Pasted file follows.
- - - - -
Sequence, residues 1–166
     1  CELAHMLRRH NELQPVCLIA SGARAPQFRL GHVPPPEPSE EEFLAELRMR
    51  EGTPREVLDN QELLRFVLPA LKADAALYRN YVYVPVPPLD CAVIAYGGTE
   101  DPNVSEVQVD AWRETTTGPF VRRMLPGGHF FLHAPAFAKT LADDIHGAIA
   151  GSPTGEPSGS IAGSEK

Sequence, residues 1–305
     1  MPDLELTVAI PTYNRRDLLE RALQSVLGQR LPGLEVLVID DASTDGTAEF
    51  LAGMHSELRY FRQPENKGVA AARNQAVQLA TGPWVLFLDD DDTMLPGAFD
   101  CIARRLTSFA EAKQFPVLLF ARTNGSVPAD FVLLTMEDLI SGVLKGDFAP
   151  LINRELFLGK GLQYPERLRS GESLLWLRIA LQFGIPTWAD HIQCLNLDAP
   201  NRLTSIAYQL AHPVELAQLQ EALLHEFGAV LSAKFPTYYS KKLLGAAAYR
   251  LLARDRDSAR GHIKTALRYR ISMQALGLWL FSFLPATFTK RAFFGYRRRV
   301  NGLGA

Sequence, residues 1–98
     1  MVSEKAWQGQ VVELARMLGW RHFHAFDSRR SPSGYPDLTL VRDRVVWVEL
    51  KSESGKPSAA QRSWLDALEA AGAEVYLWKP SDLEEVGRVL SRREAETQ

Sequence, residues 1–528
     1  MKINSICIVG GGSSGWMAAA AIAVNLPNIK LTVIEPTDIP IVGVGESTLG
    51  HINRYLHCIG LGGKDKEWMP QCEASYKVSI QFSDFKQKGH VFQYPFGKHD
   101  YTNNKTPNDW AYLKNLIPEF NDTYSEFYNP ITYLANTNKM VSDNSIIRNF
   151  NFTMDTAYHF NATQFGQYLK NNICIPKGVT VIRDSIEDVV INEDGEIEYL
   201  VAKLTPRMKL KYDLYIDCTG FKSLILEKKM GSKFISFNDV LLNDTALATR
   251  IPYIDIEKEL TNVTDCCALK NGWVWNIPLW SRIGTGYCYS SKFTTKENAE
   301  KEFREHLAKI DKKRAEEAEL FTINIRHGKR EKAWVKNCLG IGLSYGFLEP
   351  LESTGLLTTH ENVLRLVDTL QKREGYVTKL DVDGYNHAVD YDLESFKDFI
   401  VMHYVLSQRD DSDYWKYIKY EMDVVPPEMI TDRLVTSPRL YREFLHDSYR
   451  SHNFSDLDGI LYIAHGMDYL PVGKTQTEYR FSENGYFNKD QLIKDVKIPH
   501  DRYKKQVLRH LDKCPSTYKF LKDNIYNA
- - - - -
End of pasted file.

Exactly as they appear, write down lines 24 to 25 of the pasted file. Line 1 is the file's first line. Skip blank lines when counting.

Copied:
   301  KEFREHLAKI DKKRAEEAEL FTINIRHGKR EKAWVKNCLG IGLSYGFLEP
   351  LESTGLLTTH ENVLRLVDTL QKREGYVTKL DVDGYNHAVD YDLESFKDFI